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Re: patch to fix constant math -5th patch, rtl

On 04/24/2013 09:36 AM, Richard Biener wrote:
On Wed, Apr 24, 2013 at 2:44 PM, Richard Sandiford
<> wrote:
Richard Biener <> writes:
Can we in such cases please to a preparatory patch and change the
CONST_INT/CONST_DOUBLE paths to do an explicit [sz]ext to
mode precision first?
I'm not sure what you mean here.  CONST_INT HWIs are already sign-extended
from mode precision to HWI precision.  The 8-bit value 0xb10000000 must be
represented as (const_int -128); nothing else is allowed.  E.g. (const_int 128)
is not a valid QImode value on BITS_PER_UNIT==8 targets.
Yes, that's what I understand.  But consider you get a CONST_INT that is
_not_ a valid QImode value.  Current code simply trusts that it is, given
the context from ...
And the fact that it we have to trust but cannot verify is a severe problem at the rtl level that is not going to go away. what i have been strongly objecting to is your idea that just because we cannot verify it, we can thus go change it in some completely different way (i.e. the infinite precision nonsense that you keep hitting us with) and it will all be ok.

I have three problems with this.

1) Even if we could do this, it gives us answers that are not what the programmer expects!!!!!! Understand this!!! Programmers expect the code to behave the same way if they optimize it or not. If you do infinite precision arithmetic you get different answers than the machine may give you. While the C and C++ standards allow this, it is NOT desirable. While there are some optimizations that must make visible changes to be effective, this is certainly not the case with infinite precision math Making the change to infinite precision math only because you think is pretty is NOT best practices and will only give GCC a bad reputation in the community.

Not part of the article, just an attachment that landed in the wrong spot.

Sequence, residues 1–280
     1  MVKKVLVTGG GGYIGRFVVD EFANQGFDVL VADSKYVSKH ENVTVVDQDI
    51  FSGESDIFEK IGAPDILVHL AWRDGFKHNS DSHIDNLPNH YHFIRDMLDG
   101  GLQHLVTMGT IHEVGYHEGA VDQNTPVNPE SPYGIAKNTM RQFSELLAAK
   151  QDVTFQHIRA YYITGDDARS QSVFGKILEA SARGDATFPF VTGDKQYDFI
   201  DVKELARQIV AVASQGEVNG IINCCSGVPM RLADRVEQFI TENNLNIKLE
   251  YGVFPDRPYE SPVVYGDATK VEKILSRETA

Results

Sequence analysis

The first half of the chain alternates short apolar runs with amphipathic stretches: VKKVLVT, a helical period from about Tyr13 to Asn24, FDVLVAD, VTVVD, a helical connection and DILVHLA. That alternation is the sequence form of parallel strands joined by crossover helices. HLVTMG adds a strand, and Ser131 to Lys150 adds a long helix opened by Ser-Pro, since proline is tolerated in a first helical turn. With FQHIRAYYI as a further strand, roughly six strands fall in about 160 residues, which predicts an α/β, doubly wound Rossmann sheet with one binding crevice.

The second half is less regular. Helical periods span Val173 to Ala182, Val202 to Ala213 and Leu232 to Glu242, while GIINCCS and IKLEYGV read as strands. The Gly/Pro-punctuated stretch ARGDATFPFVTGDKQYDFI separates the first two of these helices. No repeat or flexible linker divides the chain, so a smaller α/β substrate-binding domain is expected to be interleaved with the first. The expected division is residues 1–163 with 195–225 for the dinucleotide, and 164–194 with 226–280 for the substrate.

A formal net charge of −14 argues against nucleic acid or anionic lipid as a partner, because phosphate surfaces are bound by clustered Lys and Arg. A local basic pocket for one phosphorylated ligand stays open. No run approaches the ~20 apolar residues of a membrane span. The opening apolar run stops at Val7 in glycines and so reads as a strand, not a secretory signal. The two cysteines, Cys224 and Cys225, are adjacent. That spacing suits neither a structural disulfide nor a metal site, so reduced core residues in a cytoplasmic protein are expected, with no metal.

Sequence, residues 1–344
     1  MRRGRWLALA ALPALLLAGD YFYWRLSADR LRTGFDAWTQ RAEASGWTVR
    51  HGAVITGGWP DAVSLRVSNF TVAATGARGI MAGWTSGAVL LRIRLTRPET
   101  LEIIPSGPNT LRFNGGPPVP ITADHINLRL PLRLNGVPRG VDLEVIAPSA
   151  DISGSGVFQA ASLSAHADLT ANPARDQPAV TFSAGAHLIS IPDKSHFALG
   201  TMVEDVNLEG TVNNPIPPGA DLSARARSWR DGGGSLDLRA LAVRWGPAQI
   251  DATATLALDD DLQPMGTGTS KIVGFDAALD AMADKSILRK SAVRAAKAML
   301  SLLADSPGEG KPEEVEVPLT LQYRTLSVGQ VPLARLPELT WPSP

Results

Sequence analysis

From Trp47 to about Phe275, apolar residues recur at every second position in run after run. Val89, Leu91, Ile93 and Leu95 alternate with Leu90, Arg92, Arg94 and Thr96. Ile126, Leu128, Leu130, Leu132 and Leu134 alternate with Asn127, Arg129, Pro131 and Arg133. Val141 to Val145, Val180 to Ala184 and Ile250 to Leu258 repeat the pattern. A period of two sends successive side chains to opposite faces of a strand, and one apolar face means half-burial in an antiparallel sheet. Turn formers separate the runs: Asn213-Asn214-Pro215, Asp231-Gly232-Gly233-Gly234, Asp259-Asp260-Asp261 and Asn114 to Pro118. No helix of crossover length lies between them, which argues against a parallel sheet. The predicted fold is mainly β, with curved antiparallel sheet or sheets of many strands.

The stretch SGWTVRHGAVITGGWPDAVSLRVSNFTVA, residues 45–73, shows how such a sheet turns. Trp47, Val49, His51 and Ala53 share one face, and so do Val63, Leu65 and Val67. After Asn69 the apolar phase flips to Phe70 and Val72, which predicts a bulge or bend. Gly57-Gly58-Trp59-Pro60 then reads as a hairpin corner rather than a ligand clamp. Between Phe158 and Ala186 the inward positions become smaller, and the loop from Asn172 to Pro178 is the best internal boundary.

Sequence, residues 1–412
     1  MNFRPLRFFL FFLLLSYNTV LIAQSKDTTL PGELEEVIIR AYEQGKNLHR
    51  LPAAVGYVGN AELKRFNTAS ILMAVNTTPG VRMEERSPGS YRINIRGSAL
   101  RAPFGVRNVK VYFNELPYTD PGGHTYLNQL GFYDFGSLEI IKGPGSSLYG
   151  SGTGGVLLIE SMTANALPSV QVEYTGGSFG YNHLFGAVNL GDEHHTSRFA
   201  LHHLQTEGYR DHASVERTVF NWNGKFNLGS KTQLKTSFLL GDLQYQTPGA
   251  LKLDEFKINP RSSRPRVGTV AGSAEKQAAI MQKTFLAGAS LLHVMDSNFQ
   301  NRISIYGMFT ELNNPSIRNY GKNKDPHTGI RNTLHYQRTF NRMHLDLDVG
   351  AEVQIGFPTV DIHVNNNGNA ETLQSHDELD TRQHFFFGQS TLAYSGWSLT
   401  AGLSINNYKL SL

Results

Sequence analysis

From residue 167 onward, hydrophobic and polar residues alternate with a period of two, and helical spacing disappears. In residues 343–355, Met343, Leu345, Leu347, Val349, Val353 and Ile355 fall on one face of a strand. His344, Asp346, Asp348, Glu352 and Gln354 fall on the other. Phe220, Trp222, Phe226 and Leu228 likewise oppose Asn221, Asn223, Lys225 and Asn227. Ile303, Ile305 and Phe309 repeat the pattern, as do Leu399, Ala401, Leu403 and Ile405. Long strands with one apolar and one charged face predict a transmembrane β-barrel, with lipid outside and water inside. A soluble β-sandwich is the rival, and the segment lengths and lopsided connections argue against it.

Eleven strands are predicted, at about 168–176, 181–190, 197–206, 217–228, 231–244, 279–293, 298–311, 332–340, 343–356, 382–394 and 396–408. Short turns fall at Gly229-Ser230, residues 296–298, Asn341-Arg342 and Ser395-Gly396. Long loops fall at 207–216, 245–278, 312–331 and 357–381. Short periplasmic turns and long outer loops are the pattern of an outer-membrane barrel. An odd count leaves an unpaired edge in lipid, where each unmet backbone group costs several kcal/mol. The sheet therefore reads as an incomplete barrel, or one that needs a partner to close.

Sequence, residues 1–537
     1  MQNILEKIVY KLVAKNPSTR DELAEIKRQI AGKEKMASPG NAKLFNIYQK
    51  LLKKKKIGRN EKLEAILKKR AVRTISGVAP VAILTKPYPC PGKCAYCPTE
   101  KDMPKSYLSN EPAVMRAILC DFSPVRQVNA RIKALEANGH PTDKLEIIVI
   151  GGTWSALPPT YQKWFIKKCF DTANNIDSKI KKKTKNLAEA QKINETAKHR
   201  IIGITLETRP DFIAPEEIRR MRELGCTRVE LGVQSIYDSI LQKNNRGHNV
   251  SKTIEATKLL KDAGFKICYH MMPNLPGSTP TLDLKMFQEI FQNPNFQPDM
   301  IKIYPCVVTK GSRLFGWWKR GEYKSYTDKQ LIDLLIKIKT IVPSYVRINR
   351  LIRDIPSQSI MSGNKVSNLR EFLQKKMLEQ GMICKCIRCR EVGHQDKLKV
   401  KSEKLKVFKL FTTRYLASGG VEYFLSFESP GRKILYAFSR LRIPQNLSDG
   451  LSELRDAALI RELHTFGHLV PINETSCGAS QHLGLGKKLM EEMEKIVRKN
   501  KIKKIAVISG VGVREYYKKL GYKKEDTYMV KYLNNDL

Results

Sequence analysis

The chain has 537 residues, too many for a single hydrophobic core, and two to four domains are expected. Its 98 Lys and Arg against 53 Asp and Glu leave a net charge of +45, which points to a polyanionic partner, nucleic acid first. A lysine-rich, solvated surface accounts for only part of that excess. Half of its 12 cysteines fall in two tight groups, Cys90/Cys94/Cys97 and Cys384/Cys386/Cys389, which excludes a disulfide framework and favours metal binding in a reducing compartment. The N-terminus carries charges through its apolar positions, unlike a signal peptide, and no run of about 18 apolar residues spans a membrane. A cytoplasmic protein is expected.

Each programming language defines what it means to do constant arithmetic and by and large, our front ends do this the way they say. But once you go beyond that, you are squarely in the realm where an optimizer is expected to try to make the program run fast without changing the results. Infinite precision math in the optimizations is visible in that A * B / C may get different answers between an infinite precision evaluation and one that is finite precision as specified by the types. And all of this without any possible upside to the programmer. Why would we want to drive people to use llvm????? This is my primary objection. If you ever gave any reason for infinite precision aside from that you consider it pretty, then i would consider it. BUT THIS IS NOT WHAT PROGRAMMERS WANT!!!!

2) The rtl level of GCC does not follow best practices by today's standards. It is quite fragile. At this point, the best that can be said is that it generally seems to work. What you are asking is for us to make the assumption that the code is in fact in better shape than it is. I understand that in your mind, you are objecting to letting the back ends hold back something that you believe the middle ends should do, but the truth is that this is a bad idea for the middle ends.

3) If i am on a 32 bit machine and i say GEN_INT (0xffffffff), i get a 32 bit word with 32 1s in it. There is no other information. In particular there is no information that tells me was that a -1 or was that the largest positive integer. We do not have GEN_INTS and a GEN_INTU, we just have GEN_INT. Your desire is that we can take those 32 bits and apply the lt_p function, not the ltu_p or lts_p function, but an lu_p function and use that to compare those 32 bits to something. At the rtl level there is simply not enough information there to sign extend this value. This will never work without a major rewrite of the back ends.

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